Well for the first time in my professional life someone asked me about the research basis for using manipulatives for teaching math. In the math ed. texts i use in my courses the use of manipulatives is advocated and illustrated with the introduction of every new idea. It's as if it's a no-brainer, something that is as natural as the sun rising each morning or snow falling at some point in a Vermont winter. So I took to Google this morning and tracked down an array of really interesting research-based articles in support of the use of manipulatives for teaching math at the elementary school level. It felt a bit like conducting research to see if more people used raincoats and umbrellas when it was raining than when the sun was shining but the results were startlingly interesting. Here they are;
Here's an NCSM article. NCSM is the national math leadership council and reminds us that we must also include the use of virtual manipulatives. This one is from the Journal of Instructional Pedagogies and gives an overview of the history of using manipulatives as well as the current research.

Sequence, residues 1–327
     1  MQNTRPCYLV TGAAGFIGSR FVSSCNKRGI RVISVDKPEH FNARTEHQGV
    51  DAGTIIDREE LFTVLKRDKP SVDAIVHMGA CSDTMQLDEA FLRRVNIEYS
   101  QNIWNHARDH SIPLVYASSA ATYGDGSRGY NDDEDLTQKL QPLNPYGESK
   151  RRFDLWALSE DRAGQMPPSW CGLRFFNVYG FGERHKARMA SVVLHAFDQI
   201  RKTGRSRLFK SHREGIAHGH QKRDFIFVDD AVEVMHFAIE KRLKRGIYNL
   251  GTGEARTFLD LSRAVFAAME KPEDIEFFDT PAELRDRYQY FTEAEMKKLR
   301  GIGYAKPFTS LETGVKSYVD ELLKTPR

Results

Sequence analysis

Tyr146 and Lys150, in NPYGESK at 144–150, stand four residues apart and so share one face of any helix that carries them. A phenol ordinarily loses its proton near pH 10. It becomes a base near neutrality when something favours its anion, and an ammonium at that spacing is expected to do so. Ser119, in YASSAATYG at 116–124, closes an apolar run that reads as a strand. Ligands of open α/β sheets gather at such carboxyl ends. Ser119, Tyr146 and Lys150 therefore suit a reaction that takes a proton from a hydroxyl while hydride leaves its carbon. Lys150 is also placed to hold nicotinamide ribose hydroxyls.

There are many publishing companies that also produce manipulative materials so it is probably only natural that they should also produce research to support the use of their products. This is a particularly good article from the folks at ETA.
And here's a student research paper on the topic from Marygrove College. Finally, here's a neat article from Sage Publishing that mentions Montessori education which is really where the use of manipulatives in teaching math all began.